Biomimetic apposition compound eye fabricated using microfluidic-assisted 3D printing

Biomimetic apposition compound eye fabricated using microfluidic-assisted 3D printing

Fabrication of the 3D BAC-eye

The design of the 3D BAC-eye follows the anatomical structure of an apposition compound eye (Fig. 1a). Each microlens on the BAC-eye has the same function as the corneal facet lens of a natural eye. The cylindrical post and the silicone-elastomer waveguide function as a crystalline cone and a rhabdom, respectively (Fig. 1b). The internal structure of the artificial eye mimics the function of pigment cells to reduce optical crosstalk. The number of ommatidia in the BAC-eye (522) is comparable with that of bark beetles (Dendroctonus rufipennis, average count: 272; Dendroctonus valens, average count: 372), ants (Temnothorax albipennis, average count: 300 (male) and 171 (queens); Brachyponera chinensis, average count: 168 (worker) (Fig. 1c)), and fruit flies (Drosophila melanogaster, average count: 730)47,48,49. Figure 1d shows a top-view SEM image of the BAC-eye. It has a radius of 2.5 mm and its microlenses are hexagonally and omnidirectionally distributed across the hemispherical dome. The most peripheral ommatidia are oriented at ±85° with respect to the vertical axis, extending the viewing angle of the BAC-eye to 170°.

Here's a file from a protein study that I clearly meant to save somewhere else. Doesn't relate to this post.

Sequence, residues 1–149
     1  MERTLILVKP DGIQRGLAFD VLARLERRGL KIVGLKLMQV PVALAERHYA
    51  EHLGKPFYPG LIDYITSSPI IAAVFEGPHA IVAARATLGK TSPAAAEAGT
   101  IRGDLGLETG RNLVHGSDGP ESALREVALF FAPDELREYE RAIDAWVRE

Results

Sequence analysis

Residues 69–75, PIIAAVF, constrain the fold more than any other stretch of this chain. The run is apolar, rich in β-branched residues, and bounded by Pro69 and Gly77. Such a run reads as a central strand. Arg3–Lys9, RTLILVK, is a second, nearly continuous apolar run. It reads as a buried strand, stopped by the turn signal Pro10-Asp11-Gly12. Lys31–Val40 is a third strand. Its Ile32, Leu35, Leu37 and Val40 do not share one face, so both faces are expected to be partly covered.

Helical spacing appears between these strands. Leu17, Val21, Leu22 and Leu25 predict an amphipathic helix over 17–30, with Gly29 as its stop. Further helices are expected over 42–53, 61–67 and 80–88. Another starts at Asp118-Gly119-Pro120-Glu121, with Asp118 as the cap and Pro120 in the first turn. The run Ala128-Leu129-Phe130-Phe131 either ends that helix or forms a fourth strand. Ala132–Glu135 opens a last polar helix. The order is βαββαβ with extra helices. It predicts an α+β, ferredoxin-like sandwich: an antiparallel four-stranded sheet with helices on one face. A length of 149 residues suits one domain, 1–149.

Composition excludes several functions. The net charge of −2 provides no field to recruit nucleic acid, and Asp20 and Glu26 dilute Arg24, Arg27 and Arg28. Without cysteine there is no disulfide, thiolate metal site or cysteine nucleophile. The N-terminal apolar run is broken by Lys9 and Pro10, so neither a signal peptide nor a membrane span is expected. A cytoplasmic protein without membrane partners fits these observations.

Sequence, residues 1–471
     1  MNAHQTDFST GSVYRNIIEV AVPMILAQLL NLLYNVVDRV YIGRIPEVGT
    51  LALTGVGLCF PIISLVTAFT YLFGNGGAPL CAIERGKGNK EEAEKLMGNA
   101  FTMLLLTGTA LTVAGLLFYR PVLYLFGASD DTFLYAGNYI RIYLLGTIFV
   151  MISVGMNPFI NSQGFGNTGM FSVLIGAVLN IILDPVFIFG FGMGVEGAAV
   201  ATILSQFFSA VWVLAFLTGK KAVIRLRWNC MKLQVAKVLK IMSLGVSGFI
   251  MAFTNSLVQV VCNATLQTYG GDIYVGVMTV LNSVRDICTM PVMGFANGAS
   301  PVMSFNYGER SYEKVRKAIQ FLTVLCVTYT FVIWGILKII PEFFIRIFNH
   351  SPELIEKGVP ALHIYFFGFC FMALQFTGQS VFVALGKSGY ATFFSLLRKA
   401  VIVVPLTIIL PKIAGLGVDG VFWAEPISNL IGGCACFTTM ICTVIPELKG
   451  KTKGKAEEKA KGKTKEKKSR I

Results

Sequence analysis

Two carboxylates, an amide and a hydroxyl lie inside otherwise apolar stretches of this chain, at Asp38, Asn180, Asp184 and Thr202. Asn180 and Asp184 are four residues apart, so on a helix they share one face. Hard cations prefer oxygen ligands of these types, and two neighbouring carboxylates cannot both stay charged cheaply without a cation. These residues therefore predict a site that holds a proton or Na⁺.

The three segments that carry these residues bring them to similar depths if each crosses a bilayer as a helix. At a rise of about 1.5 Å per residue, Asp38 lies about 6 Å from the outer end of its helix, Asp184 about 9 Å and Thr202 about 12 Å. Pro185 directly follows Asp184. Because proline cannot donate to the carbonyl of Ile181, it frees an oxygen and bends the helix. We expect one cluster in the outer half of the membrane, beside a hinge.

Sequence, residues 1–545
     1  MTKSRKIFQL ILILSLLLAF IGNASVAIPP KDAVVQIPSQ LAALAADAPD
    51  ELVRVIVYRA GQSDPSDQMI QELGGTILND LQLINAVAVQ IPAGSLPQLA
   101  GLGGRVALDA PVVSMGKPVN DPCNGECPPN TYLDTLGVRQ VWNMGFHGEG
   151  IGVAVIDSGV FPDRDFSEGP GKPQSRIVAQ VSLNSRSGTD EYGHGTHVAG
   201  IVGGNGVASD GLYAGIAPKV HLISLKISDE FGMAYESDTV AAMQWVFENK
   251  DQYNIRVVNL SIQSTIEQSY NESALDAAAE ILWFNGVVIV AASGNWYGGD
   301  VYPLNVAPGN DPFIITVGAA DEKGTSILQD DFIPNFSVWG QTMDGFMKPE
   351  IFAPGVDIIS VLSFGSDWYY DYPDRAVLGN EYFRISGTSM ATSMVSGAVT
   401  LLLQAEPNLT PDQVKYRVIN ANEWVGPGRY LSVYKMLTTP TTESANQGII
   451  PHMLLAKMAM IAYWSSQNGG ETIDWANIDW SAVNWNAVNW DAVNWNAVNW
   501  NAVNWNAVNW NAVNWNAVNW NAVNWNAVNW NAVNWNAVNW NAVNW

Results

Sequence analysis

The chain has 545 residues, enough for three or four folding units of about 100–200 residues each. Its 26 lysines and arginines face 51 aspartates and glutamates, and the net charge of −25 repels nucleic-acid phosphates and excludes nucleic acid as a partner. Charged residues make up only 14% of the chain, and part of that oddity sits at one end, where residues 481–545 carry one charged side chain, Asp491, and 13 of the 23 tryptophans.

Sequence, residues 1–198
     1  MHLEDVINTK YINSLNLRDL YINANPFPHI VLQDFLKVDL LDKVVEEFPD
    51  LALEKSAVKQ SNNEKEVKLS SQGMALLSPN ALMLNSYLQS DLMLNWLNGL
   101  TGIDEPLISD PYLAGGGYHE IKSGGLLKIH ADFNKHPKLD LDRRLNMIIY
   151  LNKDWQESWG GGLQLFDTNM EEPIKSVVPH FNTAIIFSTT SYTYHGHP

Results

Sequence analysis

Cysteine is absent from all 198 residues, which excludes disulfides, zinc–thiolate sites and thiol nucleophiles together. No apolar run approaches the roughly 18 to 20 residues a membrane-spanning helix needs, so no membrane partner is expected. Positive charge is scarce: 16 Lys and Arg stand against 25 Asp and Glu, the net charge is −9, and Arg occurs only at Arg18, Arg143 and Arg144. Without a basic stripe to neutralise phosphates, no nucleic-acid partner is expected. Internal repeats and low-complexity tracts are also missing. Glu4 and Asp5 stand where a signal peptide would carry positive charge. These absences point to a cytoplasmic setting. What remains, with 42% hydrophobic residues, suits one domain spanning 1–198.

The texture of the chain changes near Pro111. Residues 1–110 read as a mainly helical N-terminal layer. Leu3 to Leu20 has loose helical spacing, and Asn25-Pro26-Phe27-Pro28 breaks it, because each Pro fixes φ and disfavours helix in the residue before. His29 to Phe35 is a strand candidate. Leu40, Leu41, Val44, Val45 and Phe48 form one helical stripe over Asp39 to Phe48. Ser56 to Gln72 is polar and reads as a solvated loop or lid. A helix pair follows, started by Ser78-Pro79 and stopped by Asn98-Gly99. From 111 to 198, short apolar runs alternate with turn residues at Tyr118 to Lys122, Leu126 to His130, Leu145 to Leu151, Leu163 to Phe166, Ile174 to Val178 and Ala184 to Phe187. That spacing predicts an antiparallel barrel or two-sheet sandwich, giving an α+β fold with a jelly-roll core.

Fig. 1: Illustrations of the fabrication procedure and images of the BAC-eye.

a Anatomical structure of an arthropod compound eye. b Labelled cross section of a BAC-eye. c SEM image of a compound eye of the Asian needle ant, Brachyponera chinensisd SEM image of a BAC-eye. e Illustration of the main steps of the fabrication procedure. The BAC-eye is produced in a hemispherical substrate by casting it in a prepared mould. f Image of the 3D-printed mould. g The 3D-printed substrate and a quarter sectional slice of the substrate. h Image of a BAC-eye after release from the mould. i A view showing the flat bottom of the BAC-eye.

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